Financial vulnerability in the pandemic: a dilemma for local authorities

The Coronavirus pandemic has necessitated a shift in the way in which we, as a society, think about vulnerability. Historically, we have tended towards a moral definition of vulnerability, which gives rise to a set of obligations and duties which have been enshrined in legislation such as the Social Services and Wellbeing (Wales) Act, 2014 to protect those perceived to be the weakest members of our communities. Notably, both the UK and Welsh Governments have sought to protect those considered to be extremely medically vulnerable whilst at the same time making provisions for those who are financially vulnerable. This has created a dilemma for local authorities who were already under significant financial pressure prior to the pandemic: how do they maintain funding for essential services and their statutory obligations while helping those who may be struggling to pay?

The scale and pace of the changes in people’s working lives in recent months has meant that many have seen their incomes drop. With many not having a savings buffer, the pandemic has shone a spotlight on how financially vulnerable many people in our communities are. By early April, 34% of renters in Wales had fallen behind, or expected to fall behind, on their rent and one in nine (11%) had already fallen behind on one or more household bill. With benefits not always being sufficient to cover large household expenditures, increasing numbers are having to turn to foodbanks because they are unable to meet their basic needs.

A number of steps have been taken to provide financial support for those unable to work. This has included mortgage holidays; the suspension of evictions from social and privately rented accommodation; help from utility companies for those struggling to pay their bills, and the expectation that lenders will provide temporary, exceptional and immediate support for those consumers facing payment difficulties due to circumstances arising out of coronavirus. However, a key liability which has been excluded from these is council tax.

Even before lockdown, nearly a quarter of Welsh adults liable for council tax said that they had found it ‘difficult’ or ‘very difficult’ to keep up with council tax payments, whilst one in seven said that they had missed a payment in the last two years. Those whose income varies month by month including the self-employed, living with a mental health condition, being a single parent and being a tenant in the private rental sector have all been identified to be at a higher risk of missing payments. These are the very people who have been hardest hit financially by the Coronavirus pandemic. This has implications for local authorities who are dependent upon the revenue generated by council tax payments, income from leisure centres and parking, and business rates to provide services including those targeted at the most vulnerable.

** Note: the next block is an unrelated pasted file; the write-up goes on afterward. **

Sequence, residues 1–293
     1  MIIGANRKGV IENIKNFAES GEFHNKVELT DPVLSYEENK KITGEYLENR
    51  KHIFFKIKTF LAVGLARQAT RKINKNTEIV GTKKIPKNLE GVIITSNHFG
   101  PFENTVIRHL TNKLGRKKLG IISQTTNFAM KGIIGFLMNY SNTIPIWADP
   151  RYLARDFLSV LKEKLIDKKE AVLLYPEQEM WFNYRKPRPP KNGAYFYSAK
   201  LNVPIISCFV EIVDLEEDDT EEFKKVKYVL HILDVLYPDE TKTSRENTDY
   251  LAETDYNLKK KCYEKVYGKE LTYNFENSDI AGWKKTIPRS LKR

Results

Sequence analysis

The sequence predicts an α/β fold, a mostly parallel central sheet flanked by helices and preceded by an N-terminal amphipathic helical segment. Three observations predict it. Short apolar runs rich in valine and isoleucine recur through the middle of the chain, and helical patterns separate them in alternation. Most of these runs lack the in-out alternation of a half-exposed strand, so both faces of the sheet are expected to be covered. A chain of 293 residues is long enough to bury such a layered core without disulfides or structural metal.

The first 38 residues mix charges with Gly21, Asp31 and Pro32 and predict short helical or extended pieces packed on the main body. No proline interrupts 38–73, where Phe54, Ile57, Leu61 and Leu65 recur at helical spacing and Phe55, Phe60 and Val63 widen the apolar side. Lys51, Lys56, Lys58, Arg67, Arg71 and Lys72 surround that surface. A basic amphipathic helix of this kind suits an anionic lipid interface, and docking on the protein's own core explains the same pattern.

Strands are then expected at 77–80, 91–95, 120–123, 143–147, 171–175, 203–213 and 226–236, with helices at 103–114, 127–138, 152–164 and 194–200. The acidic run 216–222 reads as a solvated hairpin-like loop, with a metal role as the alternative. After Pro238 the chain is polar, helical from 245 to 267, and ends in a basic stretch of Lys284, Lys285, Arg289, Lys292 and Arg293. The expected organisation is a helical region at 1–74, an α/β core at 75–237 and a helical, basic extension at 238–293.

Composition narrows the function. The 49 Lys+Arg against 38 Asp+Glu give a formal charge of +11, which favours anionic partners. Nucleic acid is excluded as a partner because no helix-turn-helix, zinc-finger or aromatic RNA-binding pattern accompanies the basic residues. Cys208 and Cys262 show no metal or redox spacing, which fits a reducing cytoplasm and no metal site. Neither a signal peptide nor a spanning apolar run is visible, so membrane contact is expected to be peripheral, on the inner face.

Local authorities run residential care homes and sheltered accommodation; support vulnerable adults and children in their homes and in care settings; provide domiciliary care for people in their own homes and help those discharged from hospital as part of their statutory duties under the 2014 Act. They are also involved in distributing food to those in need and in poverty including the provision of free school meals; helping and accommodating the homeless, and providing other essential services (highways, environmental health, public protection and refuse collection etc). The anticipated economic recession will increase the demand for public services as more become reliant upon Universal Credit. This in turn will increase demand for the council tax reduction schemes and reduce the number of households liable to pay council tax.

In Wales, public services and their contracted partners have identified ways to better respond to vulnerable debtors, with the threat of imprisonment for non-payment of council tax being removed. The Council Tax Protocol for Wales commits to taking a more consistent and resident-focused approach to debt, arrears and enforcement, and whilst exemptions for the mentally incapacitated have been promoted. The Welsh Government has also promoted the council tax reduction scheme and eligibility for discounts/exemptions as mechanisms to relieve the individual burden whilst some local authorities have made commitments to suspend enforcement action. But this is likely to have lasting consequences for local authorities for whom council tax is a major source of revenue – the WLGA has suggested that local authorities are facing £33 million per month in loss of income.

There has been some support with the UK Government acknowledging the essential role that local authorities are playing in response to Covid-19, initially providing an additional £95 million to Wales, followed by a further £24 million in May. However, even with the contributions made by the Welsh Government including the additional funding made available in the supplementary budget, it is estimated that it will take a generation for councils to pay for the coronavirus pandemic.

Following a prolonged period of austerity, a renewed squeeze on funding will lead to a point where difficult choices need to be made so that local authorities can fulfil their statutory obligations to support the most vulnerable. An appropriate balance will need to be struck between relieving burden on individuals and generating the revenue required to pay for essential services. Unless structural funding and distributional issues are addressed, local authorities will be faced with choosing which vulnerable group to prioritise — a position that we should seek to avoid.


Read our next blog in this series: The Coronavirus pandemic and the cost of health